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California Prop 65 requirements trigger compliance confusion

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More than a month after updated warning requirements came into force for California’s Proposition 65, the regulated community is still grappling with the changes and a new wave of private enforcement litigation looms.

The law, which requires businesses to provide warnings to consumers exposed to any of more than 900 listed carcinogens and reproductive toxicants, was amended significantly in 2016.

After a two-year phase-in, the requirements for what constitutes a ‘clear and reasonable warning’ took effect on 30 August. But attorneys and the state agency that oversees the regulation, the Office of Environmental Health Hazard Assessment, said confusion remains.

Sam Delson, an Oehha spokesperson, said the agency continues to receive many calls and emails, although the volume has decreased significantly compared with the final weeks preceding full implementation.

Mr Delson said a "surprising number" of queries related to whether warning is required, or not, for a specific product – despite the fact that the new requirements did not change when this must be provided.

The agency also fields a high volume of questions involving warnings in languages other than English. Internet warnings, which must be provided by online retailers prior to a customer’s purchasing a product for which it is required, have also been the subject of many inquiries.

Kim Sim, an attorney with law firm Conkle, Kremer and Engel, told Chemical Watch the new regulations are "very confusing and very complex".

The requirement that manufacturers name at least one substance for which they are providing warning has proven particularly challenging. Determining which one to include "can be tricky for companies to decide", she said. "Is one more scary to the public than another?"

Javaneh Nekoomaram, an attorney with Keller and Heckman, said "most companies" are opting to use a truncated on-product warning that does not require the name of the listed chemical to be included.

But, she said, companies are unclear when this shorter warning can be used. There are also questions about where warnings should be placed or posted in order to be ‘clear and reasonable’, including in internet advertising and catalogues, she added.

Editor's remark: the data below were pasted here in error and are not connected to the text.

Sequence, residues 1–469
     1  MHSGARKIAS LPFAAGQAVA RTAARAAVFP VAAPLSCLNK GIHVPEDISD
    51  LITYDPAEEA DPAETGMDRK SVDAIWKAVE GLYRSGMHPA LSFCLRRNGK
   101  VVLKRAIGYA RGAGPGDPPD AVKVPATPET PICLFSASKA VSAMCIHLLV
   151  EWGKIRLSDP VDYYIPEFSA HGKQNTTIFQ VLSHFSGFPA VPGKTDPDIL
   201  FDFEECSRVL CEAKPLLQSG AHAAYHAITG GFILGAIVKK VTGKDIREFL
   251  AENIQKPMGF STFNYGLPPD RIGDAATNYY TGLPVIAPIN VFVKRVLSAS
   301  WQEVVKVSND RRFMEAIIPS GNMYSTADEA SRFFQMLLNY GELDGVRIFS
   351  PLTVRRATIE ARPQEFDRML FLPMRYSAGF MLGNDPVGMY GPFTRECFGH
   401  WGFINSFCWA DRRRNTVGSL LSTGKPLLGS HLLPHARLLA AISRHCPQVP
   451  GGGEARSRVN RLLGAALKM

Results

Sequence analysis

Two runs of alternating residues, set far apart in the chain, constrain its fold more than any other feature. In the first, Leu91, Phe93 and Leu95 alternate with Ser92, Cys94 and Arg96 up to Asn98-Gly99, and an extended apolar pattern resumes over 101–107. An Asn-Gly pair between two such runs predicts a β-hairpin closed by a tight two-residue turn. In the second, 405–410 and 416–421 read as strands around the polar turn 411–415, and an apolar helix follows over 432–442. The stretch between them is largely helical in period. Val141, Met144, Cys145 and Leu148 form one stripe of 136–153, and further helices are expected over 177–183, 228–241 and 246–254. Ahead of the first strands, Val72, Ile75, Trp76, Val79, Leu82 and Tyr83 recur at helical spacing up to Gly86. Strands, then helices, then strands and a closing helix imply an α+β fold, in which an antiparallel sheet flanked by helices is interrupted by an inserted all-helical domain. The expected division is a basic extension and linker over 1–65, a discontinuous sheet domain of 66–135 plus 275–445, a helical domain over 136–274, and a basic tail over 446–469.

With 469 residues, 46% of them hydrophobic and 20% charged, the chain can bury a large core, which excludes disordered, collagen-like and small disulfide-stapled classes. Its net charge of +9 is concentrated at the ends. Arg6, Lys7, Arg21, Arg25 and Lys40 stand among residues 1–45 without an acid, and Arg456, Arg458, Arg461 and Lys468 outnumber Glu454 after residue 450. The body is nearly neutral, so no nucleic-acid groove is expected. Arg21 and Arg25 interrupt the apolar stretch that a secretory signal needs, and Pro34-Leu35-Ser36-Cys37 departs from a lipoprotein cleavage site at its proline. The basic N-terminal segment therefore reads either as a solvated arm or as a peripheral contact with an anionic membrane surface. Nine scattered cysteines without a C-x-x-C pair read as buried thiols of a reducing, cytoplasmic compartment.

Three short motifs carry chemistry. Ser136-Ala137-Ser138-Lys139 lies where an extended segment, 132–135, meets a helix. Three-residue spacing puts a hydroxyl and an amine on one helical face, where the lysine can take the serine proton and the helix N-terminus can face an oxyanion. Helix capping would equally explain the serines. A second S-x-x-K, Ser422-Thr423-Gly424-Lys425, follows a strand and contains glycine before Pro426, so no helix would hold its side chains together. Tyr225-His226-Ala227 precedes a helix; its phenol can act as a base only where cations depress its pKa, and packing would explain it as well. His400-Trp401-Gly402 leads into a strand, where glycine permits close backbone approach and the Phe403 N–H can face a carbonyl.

Litigation threat lurks

While businesses get to grips with the new requirements, the threat of litigation looms.

A unique aspect to Prop 65 is that private persons or organisations can take legal action against alleged violators of the law, and are awarded 25% of penalties assessed. This has given rise to an active – and often lucrative – litigation scene.

Several attorneys told Chemical Watch that they do not expect an immediate uptick in ‘bounty hunter’ lawsuits as a result of the new requirements. This is because the amended on-product warning requirements only apply to those products manufactured after 30 August, and it may be difficult for a private individual to determine a product’s manufacture date.

But Ms Sim said she expects an upward trend in lawsuits as more private enforcers – and more law firms – enter the ‘cottage industry’ of Prop 65 enforcement: "Unfortunately because certain aspects are not clear, there will probably be increased enforcement activity for some time."

'Low hanging fruit'

Ms Nekoomaram said that the focus of litigation is likely to remain on exposures where no warning is given, but that California may start to see more claims that warnings are inadequate because they deviated from the updated regulations.

"The new safe harbour warning provisions are more particular than the prior standards and companies may miss one of the standard components," she said, such as the pictogram, font size requirements, foreign language requirements, including a URL linking to the Oehha-managed Prop 65 website, or naming a listed chemical. These omissions "may look like low hanging fruit to bounty hunters".

Ms Sim said that a safe harbour warning is exactly that – a form of providing warning that can provide an affirmative defense in a lawsuit. Companies, however, retain the ability to provide different warnings and, if faced with litigation, could argue that the alternative they provided was "clear and reasonable".

But "that’s a risk that most businesses aren’t willing to take," Ms Sim said.

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